This article claims that 5G connectivity will allow different solutions to access more data real-time which will make solutions very different. 5G uses ‘far less power’, leveraging IoT sensors that can last for year. Within farming adjusting irrigation levels and in manufacturing within factories placed to detect when the condition of equipment changes.

There is in addition to this the possibility to carve out multiple uses for doctors to secure handling of patient data. The article states:

“5G is up to 20 times faster than 4G. But this latest generation of networks is hardly just ‘faster 4G.’ Coupled with record-setting low latency, 5G’s speeds will allow developers to create applications that make the most of improved reaction times, such as near real-time video transmission for sporting events or security purposes.”

2.2 But is it a Race?

As pointed out earlier this year there has been a great effort by the companies wanting to expand 5G connection to frame the competition as a race. Here is an entire microsite from industry lobbying group CTIA titled “The Race to 5G.” There are serious trade-offs in the spectrum and they are being neglected due to the speed the deployment is being made.

“And once the ‘race’ to build out 5G in big cities is ‘won,’ the pressure to expand access to other places in the country will vanish, making that divide even worse. It is worth carefully considering all of these things before giving in to haste.”

Therefore we should not get too carried away with this ‘race’ and be blind to possible adverse consequences that this expansion may bring.

3. Artificial Intelligence and 5G Robotics

3.1 The Speed that May Enable Further Usage of Robotics and AI

If we disregard the environmental damage that AI and Robotics could cause considering the heavy resource requirement it has, let us think about what it actually could do. Phone companies and telecommunications tout the amazing new things you can do with your phone should you be able to ‘up your speed’ or bring it to the next level. However truth be told what would you do? Not much more than before. Streaming is already working rather well, and you can play candycrush etc. Yet we did not imagine what we would be doing with this type of speed or connectivity before it arrived. Everyone, or most people, sitting with their eyes glued to a phone on public transportation. The public spaces filled with people that are somehow cluelessly walking with their phone stretched out in front of them to navigate, read, play or socialise on the go. Beyond your immediate use there are several use cases in industry we should be aware of.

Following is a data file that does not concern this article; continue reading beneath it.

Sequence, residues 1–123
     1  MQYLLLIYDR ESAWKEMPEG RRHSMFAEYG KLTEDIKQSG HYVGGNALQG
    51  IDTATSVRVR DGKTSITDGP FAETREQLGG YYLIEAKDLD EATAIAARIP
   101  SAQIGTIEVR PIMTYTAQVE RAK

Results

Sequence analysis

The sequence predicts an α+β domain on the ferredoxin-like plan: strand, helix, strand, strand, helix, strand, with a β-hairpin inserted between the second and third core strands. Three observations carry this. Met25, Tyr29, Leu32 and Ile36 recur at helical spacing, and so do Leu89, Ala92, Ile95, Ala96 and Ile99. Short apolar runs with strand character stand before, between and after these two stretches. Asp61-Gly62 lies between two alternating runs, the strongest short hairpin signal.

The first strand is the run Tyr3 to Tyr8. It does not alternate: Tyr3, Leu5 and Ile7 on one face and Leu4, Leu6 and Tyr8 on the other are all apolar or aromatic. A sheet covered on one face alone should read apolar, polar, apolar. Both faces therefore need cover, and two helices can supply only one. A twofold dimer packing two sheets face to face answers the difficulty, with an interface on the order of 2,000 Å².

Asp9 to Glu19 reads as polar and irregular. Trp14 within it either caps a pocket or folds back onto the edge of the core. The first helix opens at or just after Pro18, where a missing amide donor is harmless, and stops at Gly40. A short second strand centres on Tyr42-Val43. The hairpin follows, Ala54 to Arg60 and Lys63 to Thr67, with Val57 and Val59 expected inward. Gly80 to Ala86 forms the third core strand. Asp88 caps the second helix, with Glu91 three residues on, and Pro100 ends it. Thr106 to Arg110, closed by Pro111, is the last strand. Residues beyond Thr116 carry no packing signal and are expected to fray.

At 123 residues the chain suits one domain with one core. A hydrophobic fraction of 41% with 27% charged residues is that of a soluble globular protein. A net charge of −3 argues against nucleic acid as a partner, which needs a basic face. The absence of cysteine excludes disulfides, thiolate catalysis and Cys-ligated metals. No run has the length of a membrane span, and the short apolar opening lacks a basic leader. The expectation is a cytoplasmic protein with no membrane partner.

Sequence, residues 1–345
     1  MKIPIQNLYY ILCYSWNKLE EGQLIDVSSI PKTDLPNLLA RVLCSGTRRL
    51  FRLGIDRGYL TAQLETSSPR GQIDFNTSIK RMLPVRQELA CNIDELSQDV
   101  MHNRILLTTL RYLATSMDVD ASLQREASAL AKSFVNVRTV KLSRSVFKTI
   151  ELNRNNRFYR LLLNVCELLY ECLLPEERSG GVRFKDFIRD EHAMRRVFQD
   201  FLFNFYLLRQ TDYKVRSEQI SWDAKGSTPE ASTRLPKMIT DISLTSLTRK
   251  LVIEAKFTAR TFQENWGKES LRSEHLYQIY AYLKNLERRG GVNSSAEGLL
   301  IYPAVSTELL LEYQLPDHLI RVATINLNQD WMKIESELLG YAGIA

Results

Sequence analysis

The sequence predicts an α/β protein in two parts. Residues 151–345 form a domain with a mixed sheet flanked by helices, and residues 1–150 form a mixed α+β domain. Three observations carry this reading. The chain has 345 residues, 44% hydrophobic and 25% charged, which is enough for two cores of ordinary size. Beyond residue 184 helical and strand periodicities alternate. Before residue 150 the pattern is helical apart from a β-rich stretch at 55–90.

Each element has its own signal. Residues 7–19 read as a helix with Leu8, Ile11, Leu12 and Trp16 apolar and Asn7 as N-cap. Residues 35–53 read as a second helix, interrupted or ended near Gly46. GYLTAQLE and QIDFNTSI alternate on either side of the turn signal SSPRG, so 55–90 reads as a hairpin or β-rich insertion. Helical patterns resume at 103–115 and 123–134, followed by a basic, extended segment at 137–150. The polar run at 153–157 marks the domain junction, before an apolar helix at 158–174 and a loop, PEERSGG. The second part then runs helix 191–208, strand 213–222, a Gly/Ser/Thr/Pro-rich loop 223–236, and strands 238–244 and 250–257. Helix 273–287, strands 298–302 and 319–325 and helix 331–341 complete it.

3.2 Artificial Intelligence Combined With 5G Robotics

One thing that is certain is that this type of technology may enables robotics in a different way and ‘intelligent’ robots to operate within a broader environment. We can immediately consider the extended adverse use of this for defence purposes and monitoring a population. However on the other hand within hospitals and health technology this may enable a different working environment or follow-up by technological inventions.

Running solutions related to the field of artificial intelligence is done externally already so will you truly notice a difference? If the video, text or other expression/input is transferred to a different place — then what is the difference for users. It can be challenging to see how this would help, and AI use-cases were mentioned in a previous article. Using machine learning techniques in 5G network to improve the utility in the radio spectrum which is allocated. Currently it seems like

  • Self-driving autonomous vehicles,

  • Automating or managing public transportation,

  • Time-critical industry automation,

  • Remote healthcare

These are all areas where hardware and software will enable changes in operations. Of course process automations are already influencing working life with data from workers being monitored as well as performance measured. However the robots that can operate in healthcare, transport and industry will likely be enhanced by these new technologies in IoT.

3.3 Blockchain, 5G Robotics and AI

However much this title looks like a buzzword bingo there is something to be said for the security need required by these new type of solutions. Considering the question of who works in this IoT area we can argue that actors such as IOTA will see a great deal of growth going ahead.

“Our vision is to enable all connected devices through verification of truth and transactional settlements which incentivize devices to make available its properties and data in real time. This gives birth to entirely new general purpose applications and value chains.”